SUMOylation of Sox2 in neural stem cells

Marelli, Elisa (2018) SUMOylation of Sox2 in neural stem cells. PhD thesis, University of Nottingham.

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Sox2 plays a crucial role in the biology of neural stem cells (NSC) by regulating differentiation and keeping NSC in a slowly proliferative state which allows to maintain over time a pool of stem cells ready to differentiate in more rapidly dividing progenitor cells. Sox2 exerts these functions by transcriptionally activating and repressing target genes. At the present time, it is still not clear how these 2 opposite functions are regulated. Here, I analyse whether SUMOylation of Sox2 plays a role in the regulation of Sox2 activity and, ultimately, in the regulation of NSC biology.

Several mutant forms of Sox2 were designed and cloned, including a non-SUMOylatable mutant construct, where the SUMO acceptor lysine was mutated to arginine (Sox2_K247R), and a SUMO-fusion construct where SUMO2 was fused at the carboxyl terminal of Sox2_K247R to mimic constitutive SUMOylation (Sox2_K247R-SUMO2). Comparison between the activity of these constructs and the activity of wt Sox2 revealed that over-expression of Sox2_K247R-SUMO2 causes a reduction in the protein transcriptional activation ability in vitro. When analysed in vivo, constitutively SUMOylated Sox2 repressed a set of target genes which were also repressed by over-expressed wt Sox2. These genes were enriched for cell-cycle regulators. Conversely, few genes were differentially regulated by over-expression of wt Sox and over-expression of Sox2_K247R and the majority of these few genes was up-regulated, indicating a potential loss-of-function in Sox2 ability to transcriptionally repress some of its target genes in absence of SUMOylation. Moreover, hNSC over-expressing Sox2_K247R lost the ability of proliferating slowly, while hNSC over-expressing SUMOylated Sox2 proliferated at a slower rate, similar to hNSC over-expressing wt Sox2. This evidence further promotes the hypothesis that SUMOylation of Sox2 is involved in the regulation of neural stem cells proliferation through the repression of target proliferation genes.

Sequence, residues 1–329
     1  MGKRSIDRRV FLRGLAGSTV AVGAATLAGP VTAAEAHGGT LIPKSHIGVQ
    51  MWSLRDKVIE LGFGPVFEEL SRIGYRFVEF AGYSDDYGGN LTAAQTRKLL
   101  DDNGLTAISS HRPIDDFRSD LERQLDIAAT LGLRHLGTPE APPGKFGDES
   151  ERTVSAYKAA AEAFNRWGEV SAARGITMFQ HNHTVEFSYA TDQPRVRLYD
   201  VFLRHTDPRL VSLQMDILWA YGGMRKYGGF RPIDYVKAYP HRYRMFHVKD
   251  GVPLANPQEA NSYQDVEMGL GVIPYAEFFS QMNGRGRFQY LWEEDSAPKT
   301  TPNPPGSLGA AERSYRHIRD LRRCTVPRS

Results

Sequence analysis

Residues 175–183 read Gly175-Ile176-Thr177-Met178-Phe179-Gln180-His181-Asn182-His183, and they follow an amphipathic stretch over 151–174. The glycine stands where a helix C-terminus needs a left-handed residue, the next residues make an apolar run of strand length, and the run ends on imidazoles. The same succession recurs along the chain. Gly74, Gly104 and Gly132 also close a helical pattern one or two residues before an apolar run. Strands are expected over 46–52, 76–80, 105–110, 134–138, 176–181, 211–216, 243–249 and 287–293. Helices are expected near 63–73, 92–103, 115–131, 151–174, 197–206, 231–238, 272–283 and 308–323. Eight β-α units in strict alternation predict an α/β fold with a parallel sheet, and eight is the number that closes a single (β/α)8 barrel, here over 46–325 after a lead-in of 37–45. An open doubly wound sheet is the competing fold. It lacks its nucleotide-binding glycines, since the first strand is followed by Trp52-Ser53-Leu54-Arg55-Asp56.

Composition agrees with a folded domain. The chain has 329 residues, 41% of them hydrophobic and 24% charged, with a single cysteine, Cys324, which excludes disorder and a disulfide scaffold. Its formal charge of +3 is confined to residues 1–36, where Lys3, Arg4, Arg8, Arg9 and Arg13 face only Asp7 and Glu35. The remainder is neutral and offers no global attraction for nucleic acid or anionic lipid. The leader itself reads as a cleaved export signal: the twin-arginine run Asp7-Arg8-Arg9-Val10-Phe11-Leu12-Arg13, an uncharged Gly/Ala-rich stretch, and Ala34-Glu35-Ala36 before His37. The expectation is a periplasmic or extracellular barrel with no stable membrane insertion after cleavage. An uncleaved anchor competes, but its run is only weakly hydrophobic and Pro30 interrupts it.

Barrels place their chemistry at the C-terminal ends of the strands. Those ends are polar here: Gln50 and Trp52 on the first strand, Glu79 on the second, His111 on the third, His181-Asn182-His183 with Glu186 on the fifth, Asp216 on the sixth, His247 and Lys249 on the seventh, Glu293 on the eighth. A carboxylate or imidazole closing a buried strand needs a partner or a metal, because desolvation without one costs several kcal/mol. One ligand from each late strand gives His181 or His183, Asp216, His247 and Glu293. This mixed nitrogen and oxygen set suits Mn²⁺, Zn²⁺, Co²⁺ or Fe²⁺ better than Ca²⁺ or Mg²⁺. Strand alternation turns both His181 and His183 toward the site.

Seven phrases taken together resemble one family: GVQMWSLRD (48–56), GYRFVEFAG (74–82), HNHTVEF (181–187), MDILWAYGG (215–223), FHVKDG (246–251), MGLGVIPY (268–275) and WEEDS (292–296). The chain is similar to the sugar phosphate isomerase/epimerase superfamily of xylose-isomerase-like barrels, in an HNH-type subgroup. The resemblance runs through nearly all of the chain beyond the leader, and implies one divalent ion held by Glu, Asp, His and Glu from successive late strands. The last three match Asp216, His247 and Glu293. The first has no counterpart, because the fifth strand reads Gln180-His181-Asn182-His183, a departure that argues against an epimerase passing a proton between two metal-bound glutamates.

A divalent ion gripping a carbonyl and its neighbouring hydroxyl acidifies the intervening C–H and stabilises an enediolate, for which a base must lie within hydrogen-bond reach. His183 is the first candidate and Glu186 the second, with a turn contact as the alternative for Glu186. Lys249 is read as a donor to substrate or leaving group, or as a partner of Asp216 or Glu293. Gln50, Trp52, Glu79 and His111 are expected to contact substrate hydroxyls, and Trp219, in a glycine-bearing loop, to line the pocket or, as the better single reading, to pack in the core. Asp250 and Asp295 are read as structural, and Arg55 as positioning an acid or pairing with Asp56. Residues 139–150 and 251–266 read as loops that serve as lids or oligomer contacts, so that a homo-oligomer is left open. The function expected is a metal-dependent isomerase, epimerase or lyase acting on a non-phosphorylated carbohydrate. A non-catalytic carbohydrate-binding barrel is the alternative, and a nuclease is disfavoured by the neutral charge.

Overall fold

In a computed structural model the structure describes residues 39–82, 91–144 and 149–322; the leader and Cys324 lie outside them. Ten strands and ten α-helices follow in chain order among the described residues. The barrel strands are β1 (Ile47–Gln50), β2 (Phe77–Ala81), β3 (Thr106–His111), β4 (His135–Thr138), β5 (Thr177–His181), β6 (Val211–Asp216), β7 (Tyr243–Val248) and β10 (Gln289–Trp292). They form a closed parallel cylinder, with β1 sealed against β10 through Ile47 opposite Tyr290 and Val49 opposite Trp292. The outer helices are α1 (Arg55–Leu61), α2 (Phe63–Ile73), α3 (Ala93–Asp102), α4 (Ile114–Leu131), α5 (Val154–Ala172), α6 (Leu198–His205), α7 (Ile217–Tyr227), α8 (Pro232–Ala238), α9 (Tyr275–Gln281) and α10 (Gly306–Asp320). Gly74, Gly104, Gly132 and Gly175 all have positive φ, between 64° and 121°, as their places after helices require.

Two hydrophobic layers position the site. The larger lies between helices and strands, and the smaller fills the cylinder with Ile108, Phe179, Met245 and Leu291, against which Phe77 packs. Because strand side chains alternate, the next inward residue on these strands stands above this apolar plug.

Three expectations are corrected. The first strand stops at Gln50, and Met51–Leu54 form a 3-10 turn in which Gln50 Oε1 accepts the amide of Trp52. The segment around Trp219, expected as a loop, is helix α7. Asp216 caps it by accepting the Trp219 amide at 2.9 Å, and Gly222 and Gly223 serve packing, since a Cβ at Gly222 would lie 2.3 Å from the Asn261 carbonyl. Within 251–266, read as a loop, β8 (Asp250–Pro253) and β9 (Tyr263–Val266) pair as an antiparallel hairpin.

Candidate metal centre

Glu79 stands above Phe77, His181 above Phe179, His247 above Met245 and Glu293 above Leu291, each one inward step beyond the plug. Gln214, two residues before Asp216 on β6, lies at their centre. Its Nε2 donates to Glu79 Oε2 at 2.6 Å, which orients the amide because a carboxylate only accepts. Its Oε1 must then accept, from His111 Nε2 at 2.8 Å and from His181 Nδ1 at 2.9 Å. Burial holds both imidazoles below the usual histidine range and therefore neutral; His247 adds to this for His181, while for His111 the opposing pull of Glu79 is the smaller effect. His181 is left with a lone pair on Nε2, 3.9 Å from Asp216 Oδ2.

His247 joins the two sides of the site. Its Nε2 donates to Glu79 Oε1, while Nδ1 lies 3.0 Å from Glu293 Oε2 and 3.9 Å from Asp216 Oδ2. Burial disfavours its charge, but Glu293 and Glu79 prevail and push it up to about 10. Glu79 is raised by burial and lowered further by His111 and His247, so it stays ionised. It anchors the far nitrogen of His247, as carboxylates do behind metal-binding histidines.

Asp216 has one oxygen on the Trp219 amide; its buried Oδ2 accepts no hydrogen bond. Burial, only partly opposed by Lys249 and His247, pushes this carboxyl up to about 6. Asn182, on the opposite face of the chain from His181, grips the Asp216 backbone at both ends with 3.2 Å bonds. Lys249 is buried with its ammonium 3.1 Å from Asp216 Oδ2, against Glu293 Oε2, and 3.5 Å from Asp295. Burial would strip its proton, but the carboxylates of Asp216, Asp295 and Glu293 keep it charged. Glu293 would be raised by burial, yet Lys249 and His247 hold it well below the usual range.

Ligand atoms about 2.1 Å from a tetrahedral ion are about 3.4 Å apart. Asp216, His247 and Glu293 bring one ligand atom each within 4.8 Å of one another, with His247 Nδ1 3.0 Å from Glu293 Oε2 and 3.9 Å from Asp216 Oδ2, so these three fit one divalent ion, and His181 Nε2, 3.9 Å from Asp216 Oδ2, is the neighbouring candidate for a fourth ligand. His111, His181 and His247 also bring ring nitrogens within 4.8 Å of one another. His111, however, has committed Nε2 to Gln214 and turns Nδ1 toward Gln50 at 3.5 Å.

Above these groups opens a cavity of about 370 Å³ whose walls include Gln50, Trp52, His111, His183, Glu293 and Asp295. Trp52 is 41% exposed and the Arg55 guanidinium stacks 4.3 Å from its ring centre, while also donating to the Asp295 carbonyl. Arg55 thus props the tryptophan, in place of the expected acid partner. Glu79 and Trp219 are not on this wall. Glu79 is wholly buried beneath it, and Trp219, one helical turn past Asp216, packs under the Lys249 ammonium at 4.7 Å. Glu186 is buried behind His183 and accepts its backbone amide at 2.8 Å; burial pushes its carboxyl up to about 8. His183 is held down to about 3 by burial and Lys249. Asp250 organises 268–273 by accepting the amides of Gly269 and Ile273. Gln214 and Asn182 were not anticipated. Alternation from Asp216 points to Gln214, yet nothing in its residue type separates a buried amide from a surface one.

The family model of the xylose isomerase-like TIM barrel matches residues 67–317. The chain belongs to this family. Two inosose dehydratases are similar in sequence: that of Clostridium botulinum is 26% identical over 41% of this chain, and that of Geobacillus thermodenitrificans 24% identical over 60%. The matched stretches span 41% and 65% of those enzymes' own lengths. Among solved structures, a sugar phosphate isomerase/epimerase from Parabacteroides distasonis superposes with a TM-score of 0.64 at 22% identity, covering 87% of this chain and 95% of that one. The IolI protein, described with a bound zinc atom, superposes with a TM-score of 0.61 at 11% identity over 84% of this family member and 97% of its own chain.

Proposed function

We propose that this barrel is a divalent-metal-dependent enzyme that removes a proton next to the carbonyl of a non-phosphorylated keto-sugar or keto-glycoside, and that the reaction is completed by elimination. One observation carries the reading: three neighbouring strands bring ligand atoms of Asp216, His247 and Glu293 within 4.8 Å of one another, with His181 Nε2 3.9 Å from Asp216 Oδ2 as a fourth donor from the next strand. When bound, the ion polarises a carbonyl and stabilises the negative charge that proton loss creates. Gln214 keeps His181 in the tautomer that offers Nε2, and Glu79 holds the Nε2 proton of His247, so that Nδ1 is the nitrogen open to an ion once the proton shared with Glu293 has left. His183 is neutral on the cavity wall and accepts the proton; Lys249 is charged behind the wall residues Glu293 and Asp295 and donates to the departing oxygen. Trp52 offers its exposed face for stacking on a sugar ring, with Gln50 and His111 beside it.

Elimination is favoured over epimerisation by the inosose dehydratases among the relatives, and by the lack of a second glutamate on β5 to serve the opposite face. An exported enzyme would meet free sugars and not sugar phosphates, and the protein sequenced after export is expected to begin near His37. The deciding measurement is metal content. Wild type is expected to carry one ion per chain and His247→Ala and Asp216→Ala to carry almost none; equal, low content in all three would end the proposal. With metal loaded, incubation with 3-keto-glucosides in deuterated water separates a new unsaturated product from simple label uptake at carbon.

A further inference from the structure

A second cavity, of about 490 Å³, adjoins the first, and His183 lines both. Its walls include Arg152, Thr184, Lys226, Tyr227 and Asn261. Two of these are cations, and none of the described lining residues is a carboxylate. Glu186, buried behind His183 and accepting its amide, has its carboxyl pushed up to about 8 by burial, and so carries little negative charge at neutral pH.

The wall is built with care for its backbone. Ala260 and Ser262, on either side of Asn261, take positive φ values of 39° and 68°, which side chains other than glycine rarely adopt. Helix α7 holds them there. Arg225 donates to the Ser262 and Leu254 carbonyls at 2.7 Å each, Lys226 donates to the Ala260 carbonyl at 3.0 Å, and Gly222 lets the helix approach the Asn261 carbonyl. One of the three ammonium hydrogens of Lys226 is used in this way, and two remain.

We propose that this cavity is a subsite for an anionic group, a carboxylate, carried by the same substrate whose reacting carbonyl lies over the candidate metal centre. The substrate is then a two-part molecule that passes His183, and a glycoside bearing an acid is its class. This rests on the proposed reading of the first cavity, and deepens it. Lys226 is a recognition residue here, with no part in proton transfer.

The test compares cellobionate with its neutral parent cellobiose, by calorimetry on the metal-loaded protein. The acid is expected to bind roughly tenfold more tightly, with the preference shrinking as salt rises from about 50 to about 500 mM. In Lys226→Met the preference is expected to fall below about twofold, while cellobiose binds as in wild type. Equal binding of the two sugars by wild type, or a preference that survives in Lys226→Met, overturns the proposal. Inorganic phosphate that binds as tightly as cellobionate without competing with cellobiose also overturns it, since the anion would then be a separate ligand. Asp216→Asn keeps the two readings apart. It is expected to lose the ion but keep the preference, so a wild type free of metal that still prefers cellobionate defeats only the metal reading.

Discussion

Biochemical analysis of Sox2 SUMOylation was also performed and confirmed that, as reported in literature, SUMOylation of Sox2 is challenging to detect, supposedly because a very small portion of Sox2 is SUMOylated at any given time in the cell as reported for other SUMO targets.

Taken together, the evidences reported in this study suggest a model according to which SUMOylation enhances Sox2 transcriptional repression activity, leading to the repression of proliferation genes and therefore to a slow-cycling state of neural stem cells.

Item Type: Thesis (University of Nottingham only) (PhD)
Supervisors: Scotting, Paul
Tighe, Patrick
Keywords: Sox2; Neural stem cells; Transcriptional repression; Proliferation genes
Subjects: Q Science > QP Physiology > QP351 Neurophysiology and neuropsychology
Faculties/Schools: UK Campuses > Faculty of Medicine and Health Sciences > School of Life Sciences
Item ID: 55312
Depositing User: Marelli, Elisa
Date Deposited: 08 Apr 2019 14:33
Last Modified: 13 Dec 2022 04:30

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